Thermal Energy Kinetic Theory Linear Expansion - Heat

Thermal Expansion

Most substances expand when heated and contract when cooled. The exception is water. The maximum density of water occurs at 4. This explains why a lake freezes at the surface, and not from the bottom up. If water at 0C is heated, its volume decreases until it reaches 4C. Above 4C, water behaves normally and expands in volume as it is heated. Water expands as it is cooled from 4C to 0C and expands even more as it freezes. That is why ice cubes float in water and pipes break when the water inside of them freezes.

The change in length in almost all solids when heated is directly proportional to the change in temperature and to its original length. A solid expands when heated and contracts when cooled: The length of a material decreases as the temperature decreases; its length increases as the temperature increases. So a rod that is 2 m long expands twice as much as a rod which is 1 m long for the same ten degree increase in temperature. Holes in materials also expand or contract with the material, if a material gets larger, the hole also gets larger.

DL = a L DT

where L is the length of the material

a is the coefficient of linear expansion

DT is the temperature change in C

Thermal Properties of Matter

Physical quantities such as pressure, temperature, volume, and the amount of a substance describe the conditions in which a particular material exists. They describe the state of the mateterial and are referred to as state variables. These state variables are interrelated; one cannot be changed without changing the other. Where V0, P0, and T0 represent the initial state of the material and V, P, and T represent the final states of the material. .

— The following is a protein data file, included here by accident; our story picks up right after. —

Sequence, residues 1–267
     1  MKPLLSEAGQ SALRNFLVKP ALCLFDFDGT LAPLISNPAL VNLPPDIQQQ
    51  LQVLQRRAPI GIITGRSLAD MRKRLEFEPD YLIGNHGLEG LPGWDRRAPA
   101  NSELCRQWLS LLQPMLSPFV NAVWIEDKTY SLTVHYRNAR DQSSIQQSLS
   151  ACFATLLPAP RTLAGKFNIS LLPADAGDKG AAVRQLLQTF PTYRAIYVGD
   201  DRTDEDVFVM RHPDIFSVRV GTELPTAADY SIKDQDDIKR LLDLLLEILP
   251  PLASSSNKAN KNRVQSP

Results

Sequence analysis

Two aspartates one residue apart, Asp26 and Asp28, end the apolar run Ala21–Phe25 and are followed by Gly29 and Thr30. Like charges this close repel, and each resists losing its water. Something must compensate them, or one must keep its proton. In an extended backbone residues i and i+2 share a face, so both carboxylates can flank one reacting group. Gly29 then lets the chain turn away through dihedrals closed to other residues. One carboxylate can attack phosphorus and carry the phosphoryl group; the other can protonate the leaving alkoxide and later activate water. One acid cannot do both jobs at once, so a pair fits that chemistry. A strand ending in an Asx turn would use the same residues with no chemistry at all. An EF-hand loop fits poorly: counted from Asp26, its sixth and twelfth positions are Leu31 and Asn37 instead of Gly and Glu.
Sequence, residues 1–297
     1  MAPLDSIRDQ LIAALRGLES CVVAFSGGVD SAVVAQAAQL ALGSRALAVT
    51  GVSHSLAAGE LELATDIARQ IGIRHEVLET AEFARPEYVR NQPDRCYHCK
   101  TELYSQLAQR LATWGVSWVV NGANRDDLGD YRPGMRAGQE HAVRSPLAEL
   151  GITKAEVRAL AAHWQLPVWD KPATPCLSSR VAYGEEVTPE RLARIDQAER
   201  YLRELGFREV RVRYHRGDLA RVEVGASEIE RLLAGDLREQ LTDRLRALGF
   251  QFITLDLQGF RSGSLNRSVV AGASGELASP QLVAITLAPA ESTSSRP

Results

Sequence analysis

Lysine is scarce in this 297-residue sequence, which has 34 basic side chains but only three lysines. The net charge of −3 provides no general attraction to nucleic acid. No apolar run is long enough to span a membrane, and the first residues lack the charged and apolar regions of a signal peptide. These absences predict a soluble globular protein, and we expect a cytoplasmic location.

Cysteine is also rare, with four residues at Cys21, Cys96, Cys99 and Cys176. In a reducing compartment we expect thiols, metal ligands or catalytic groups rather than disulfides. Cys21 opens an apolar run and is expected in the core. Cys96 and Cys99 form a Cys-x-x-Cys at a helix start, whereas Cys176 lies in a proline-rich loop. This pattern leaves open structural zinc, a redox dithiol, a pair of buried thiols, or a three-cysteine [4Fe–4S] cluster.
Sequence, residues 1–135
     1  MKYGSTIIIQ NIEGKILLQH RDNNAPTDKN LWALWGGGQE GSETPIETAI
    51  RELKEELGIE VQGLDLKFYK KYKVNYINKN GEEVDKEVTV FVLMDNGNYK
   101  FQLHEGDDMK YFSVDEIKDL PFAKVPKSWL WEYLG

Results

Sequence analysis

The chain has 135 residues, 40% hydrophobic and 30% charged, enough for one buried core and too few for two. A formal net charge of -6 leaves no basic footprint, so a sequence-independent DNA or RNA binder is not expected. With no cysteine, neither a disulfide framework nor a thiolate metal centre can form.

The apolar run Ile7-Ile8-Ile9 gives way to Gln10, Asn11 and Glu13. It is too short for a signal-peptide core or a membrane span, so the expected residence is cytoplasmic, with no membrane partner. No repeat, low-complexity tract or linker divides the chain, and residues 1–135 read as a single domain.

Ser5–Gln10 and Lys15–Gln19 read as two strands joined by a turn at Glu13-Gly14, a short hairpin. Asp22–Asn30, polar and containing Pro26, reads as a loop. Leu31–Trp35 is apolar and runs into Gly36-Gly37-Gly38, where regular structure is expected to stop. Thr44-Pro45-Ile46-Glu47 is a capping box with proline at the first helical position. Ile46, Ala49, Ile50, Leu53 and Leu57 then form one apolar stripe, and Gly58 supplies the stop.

In physics, we use an ideal gas to repesent the material and thus simplifying the equation of state.

Ideal Gas Law The volume of a gas is proportional to the number of moles of the gas, n. The volume varies inversely with the pressure. The pressure is proportional to the absolute temperature of the gas. Combining these relationships yields the following equation of state for an ideal gas,

PV = nRT

Where T is measured in Kelvin and R is the ideal gas constant

Ideal Gas Constant In SI units, R = 8.314 J/ mol K

Ideal Gas Real gases do not follow the ideal gas law exactly. An ideal gas is one for which the ideal gas law holds precisely for all pressures and temperatures. Gas behavior approximates the ideal gas model at very low pressures when the gas molecules are far apart and at temperatures close to that at which the gas liquefies.

Kinetic theory of gases

particles in a hot body have more kinetic energy than those in a cold body; as temperature increases, kinetic energy increases. If the temperature of rises, the gas molecules move at greater speeds. If the volume remains the same, the hotter molecules would be expected to hit the walls of the container more frequently than the cooler ones, resulting in a rise in pressure.